Rotor blade recycling from A to Z

Survey study presents available and environmentally friendly techniques

Windenergieanlagen auf einem Feld.Click to enlarge
Wind turbines in a field.
Source: pedrosala /

Wind turbine rotor blades are made of fibre composites and have been disposed of in very different ways up to now. The German Environment Agency (UBA) now presents a comprehensive overview of the sustainable use and waste processing of rotor blades. Many wind turbines are expected to reach end of lifetime in the next two decades, generating high volumes of blade waste for which there are no clear recycling specifications. An annual volume of up to 20,000 tonnes of rotor blade waste will likely be generated, increasing to up to 50,000 tonnes per year by the 2030s. The UBA rotor blade study shows the best options for the dismantling and recycling of waste volumes.

Whereas there are adequate capacities and well-defined procedures for the recycling of wind turbine components, this is not yet the case for rotor blade waste. Up to now, only a few specialised waste management companies have recycled these very large, high-strength components, but there is no data available on their re-use or recyclability. It was therefore difficult to assess or evaluate the technology or cost effectiveness of recycling.

Dirk Messner, President of the German Environment Agency, says: “Our survey shows that we must link climate action with circular economy from the very start. What goes for rotor blades also goes for lithium ion batteries, solar installations or other technologies. Waste avoidance should be the aim of every technical innovation in climate protection. And we need to develop recycling concepts for these products.”

The German Environment Agency commissioned a survey of available dismantling techniques, evaluated them according to environmental criteria and formulated requirements of occupational health and safety and of environmental protection. Grinding rotor blades on site before recycling, for example, can release dust emissions containing carbon or glass fibres. Processes must be established which prevent this dust from entering the environment or harming workers’ health. The study proposes binding quality assurance standards for subsequent rotor blade processing at a recycling plant.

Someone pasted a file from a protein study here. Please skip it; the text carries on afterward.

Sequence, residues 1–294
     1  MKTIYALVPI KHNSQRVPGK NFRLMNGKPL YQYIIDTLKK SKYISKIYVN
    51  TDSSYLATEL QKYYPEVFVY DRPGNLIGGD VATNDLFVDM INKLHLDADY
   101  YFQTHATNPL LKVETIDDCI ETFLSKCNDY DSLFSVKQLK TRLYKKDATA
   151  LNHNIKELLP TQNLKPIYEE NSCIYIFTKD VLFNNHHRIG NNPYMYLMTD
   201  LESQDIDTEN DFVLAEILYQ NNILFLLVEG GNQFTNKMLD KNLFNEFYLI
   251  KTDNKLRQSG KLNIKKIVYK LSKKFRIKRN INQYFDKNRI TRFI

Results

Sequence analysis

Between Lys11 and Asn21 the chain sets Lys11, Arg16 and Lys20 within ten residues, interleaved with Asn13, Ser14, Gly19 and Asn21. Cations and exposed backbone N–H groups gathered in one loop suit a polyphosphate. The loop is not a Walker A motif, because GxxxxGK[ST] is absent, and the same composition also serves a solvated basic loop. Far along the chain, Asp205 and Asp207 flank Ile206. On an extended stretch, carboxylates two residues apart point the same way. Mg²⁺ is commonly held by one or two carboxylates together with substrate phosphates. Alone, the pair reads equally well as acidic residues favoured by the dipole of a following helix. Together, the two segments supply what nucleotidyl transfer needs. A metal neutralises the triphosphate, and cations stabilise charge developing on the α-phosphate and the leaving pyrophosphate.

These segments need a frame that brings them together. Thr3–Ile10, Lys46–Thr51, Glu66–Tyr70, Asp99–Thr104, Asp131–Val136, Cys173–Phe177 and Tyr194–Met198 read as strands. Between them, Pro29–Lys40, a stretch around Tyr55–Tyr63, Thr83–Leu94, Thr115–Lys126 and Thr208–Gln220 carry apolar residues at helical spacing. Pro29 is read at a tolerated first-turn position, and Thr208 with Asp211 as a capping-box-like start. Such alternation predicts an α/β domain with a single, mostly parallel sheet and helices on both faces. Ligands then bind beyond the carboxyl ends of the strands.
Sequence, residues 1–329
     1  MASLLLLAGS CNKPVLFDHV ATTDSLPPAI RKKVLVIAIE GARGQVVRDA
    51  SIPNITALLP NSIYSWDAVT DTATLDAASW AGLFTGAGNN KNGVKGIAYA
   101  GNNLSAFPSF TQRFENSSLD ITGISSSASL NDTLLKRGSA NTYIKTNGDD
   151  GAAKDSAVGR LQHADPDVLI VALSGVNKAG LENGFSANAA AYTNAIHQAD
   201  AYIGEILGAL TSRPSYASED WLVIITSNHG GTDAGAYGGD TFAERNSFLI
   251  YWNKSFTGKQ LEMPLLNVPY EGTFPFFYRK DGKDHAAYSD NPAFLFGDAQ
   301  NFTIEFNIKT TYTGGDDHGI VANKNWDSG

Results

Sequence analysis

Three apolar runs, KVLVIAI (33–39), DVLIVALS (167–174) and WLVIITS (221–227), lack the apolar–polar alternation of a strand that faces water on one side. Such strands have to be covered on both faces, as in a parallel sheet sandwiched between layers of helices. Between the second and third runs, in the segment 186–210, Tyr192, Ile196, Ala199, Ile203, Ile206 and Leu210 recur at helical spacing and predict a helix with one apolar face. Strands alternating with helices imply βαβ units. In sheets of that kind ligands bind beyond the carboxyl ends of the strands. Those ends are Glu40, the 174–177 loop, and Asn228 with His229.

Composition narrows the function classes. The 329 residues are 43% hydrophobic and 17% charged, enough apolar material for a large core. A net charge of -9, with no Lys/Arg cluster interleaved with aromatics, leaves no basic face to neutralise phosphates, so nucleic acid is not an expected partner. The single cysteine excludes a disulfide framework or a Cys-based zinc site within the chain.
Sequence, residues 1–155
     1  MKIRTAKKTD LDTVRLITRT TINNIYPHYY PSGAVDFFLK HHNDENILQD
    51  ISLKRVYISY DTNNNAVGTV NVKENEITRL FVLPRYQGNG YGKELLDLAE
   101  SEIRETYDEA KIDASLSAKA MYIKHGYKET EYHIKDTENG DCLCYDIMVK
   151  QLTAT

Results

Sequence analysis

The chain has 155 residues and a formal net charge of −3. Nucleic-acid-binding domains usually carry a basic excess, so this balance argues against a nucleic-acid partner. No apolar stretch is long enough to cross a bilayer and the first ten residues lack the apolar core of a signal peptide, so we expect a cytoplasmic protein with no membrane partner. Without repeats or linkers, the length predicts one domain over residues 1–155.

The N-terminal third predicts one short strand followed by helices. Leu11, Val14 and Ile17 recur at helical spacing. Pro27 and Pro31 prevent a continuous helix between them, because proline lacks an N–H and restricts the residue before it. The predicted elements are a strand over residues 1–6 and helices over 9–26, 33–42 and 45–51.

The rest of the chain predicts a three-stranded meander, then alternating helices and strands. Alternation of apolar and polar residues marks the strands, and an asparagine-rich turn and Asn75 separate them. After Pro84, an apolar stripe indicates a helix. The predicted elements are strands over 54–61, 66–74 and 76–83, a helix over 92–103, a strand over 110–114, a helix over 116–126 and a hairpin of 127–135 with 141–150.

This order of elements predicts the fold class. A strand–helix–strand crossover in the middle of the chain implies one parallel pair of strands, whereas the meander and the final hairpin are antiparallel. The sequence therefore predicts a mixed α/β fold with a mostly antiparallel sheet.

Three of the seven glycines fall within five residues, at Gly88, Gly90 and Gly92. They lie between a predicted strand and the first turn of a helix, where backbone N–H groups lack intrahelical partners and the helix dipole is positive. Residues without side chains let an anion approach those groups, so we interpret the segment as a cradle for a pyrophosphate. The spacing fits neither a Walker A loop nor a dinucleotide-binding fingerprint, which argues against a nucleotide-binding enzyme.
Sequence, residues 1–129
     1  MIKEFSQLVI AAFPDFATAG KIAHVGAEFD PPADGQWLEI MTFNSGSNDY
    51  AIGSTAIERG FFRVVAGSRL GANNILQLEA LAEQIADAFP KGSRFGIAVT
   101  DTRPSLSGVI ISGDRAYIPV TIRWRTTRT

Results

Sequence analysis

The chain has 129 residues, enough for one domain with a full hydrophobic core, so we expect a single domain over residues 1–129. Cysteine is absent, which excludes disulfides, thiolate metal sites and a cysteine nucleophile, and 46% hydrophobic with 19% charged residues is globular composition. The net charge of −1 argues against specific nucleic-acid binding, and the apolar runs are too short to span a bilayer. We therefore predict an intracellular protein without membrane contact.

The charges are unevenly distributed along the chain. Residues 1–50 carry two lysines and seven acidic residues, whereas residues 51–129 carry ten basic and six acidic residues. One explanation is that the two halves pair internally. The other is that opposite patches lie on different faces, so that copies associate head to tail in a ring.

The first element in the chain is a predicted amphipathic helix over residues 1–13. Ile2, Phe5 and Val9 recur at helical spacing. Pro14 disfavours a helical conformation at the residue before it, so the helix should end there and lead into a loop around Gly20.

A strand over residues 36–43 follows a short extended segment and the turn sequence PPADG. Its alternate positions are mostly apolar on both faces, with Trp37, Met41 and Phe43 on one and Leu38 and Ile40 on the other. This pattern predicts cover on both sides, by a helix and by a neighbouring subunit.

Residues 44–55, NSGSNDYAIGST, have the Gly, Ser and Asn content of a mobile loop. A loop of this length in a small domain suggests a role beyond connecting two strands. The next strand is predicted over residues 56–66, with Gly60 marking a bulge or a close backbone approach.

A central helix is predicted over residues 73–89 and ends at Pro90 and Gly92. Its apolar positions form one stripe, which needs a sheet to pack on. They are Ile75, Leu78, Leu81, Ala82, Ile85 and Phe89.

The study directs particular attention to grinding technologies and fractionation methods. A multi-step flow chart was developed to illustrate the separation of components which can be applied for all types of rotor blades. All of the possible recycling processes for the different components of a rotor blade are described in detail so that recyclers now have access to the safest and most environmentally friendly processes. Pyrolysis and recovery have proven to be the most effective methods for recycling carbon fibres. In contrast, the recycling of glass fibre-reinforced plastics is still less than optimal. Recycling in cement plants is a possible option, but new research suggests that their use in higher-quality glass smelting should be investigated.

For the future, the German Environment Agency recommends technical standards that document the condition of rotor blades for the subsequent dismantling and recycling stage and which specify product-specific separation and recycling processes.

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